You may think that if you have seen one worm, you have seen them all. In fact there are many different sorts of worms, some so completely unlike the others that they are placed in their own major groups. The invertebrate phylum Sipuncula is one such group. These tiny (1-6 cm) marine worms known as peanut worms are so different from other worms that their origins are mysterious and their relationships with other worms still undiscovered.
They get their common name from their peanut-like appearance. Their most notable characteristic is a long extendible proboscis called an introvert because it can be drawn into the body of the worm when it is disturbed. The body of the worm then takes on a peanut shape. When the introvert is extended, the worm uses tiny tentacles at its end to gather food particles from the water. The tentacles are powered by a hydraulic system and pick up sand, mud, diatoms, protozoa and detritus, which are passed down the mouth to a simple one-way gut consisting of a pharynx, stomach, short intestine and rectum.
There are about three hundred species of peanut-worms found worldwide in the oceans. They are mostly sediment dwellers but a few have found refuge in the shells of molluscs. The majority are found in shallow temperate waters but some have made it to the abyssal depths or survive in icy polar waters.
Peanut worms are unsegmented but they have a body cavity known as a coelom. This was an important evolutionary step because it freed the gut from the movements of muscles. All higher animals have a coelom. Peanut worms scarcely qualify as ‘higher animals’ but they do share this characteristic with us. The coelom in these animals is used to mature the gametes, which are produced in the coelomic lining. Sexes are separate in the peanut worms and fertilisation is external. Gametes are released into the water where they are fertilized and then develop into free-living ‘trochophore’ larvae before maturing and settling into the adult bottom-dwelling form.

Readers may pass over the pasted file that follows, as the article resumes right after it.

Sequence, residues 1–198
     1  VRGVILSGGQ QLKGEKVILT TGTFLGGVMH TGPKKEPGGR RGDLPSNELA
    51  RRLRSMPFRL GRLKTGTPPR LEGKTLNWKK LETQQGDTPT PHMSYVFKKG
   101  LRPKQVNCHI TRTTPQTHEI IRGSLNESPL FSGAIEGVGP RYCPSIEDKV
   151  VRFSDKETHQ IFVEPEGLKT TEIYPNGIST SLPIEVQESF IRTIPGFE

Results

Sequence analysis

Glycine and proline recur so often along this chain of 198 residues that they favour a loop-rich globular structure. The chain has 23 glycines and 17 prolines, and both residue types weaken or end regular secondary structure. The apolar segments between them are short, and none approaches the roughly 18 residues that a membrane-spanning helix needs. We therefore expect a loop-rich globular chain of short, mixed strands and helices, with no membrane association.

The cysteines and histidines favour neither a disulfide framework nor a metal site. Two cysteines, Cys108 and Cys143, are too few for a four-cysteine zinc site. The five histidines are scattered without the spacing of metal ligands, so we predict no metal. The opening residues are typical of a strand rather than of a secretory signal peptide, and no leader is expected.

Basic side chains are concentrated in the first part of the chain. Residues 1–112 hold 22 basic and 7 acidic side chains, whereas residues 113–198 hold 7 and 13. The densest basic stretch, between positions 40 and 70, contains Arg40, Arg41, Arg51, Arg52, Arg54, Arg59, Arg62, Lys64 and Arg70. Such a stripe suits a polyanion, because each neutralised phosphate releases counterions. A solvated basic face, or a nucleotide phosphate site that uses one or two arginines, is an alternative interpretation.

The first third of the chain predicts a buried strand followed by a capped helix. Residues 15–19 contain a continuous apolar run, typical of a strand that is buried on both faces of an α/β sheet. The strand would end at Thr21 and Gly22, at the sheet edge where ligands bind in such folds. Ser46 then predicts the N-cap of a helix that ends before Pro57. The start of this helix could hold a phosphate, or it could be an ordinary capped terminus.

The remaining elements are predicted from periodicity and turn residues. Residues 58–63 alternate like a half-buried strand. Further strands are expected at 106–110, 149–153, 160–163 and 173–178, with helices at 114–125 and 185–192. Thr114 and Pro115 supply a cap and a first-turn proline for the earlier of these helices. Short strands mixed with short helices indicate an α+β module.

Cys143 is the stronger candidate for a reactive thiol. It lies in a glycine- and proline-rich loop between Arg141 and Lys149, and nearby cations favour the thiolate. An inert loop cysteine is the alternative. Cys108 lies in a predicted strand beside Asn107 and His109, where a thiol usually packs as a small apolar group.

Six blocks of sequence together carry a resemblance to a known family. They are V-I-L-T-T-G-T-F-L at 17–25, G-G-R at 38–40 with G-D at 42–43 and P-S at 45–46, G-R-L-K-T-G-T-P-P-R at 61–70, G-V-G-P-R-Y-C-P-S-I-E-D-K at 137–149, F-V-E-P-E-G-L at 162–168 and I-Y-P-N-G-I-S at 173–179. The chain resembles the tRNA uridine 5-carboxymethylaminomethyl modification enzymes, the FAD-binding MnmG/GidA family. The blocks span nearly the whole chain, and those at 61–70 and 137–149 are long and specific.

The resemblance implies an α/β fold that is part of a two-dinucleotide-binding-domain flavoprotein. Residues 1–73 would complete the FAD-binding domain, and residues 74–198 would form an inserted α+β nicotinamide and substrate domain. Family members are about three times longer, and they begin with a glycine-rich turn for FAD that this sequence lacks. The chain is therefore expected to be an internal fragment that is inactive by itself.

Because they are soft-bodied, peanut worms are not common in the fossil record but a few are known from the Cambrian Period when many other worm groups also appear including the annelids, pogonophora, echiura and priapulids. Sipunculids appear to be an offshoot of the molluscs and because they share a coelom with the priapulids are often grouped with them as ‘minor coelomate protostomes’. Genetic analysis may eventually clear up their origins and relationships.
Although not common, asexual reproduction by fission is also known in the peanut worms. They can divide themselves in two by transverse fission and then the two halves generate new body parts.
Other characteristics of these worms include a simple brain and a ventral nerve chord, like other protostomes (where the blastopore in the blastula develops into a mouth). There is no circulatory or respiratory system, with oxygen simply passing by diffusion from water to tissues. There are however simple nephridia for removing waste particles from the body, which are excreted as ammonia. The body wall consists of an outer cuticle, epidermis, both circular and longitudinal muscles and a peritoneum.
For burrowing animals, sipunculids have a lot of sense organs including nurosensory cells and sensory buds plus ciliated chemoreceptors on the tentacles. They even have simple eyes. The nervous system is similar to annelids,
Sipunculids are of little importance to humans, although it has been reported that some Chinese make a jelly from these worms that is considered a delicacy. For the most part though, peanut worms have been quietly living their lives out for hundreds of millions of years, relatively unchanged but managing to compete against higher and more developed organisms for all that time.
References: Meglitsch, P. Invertebrate Zoology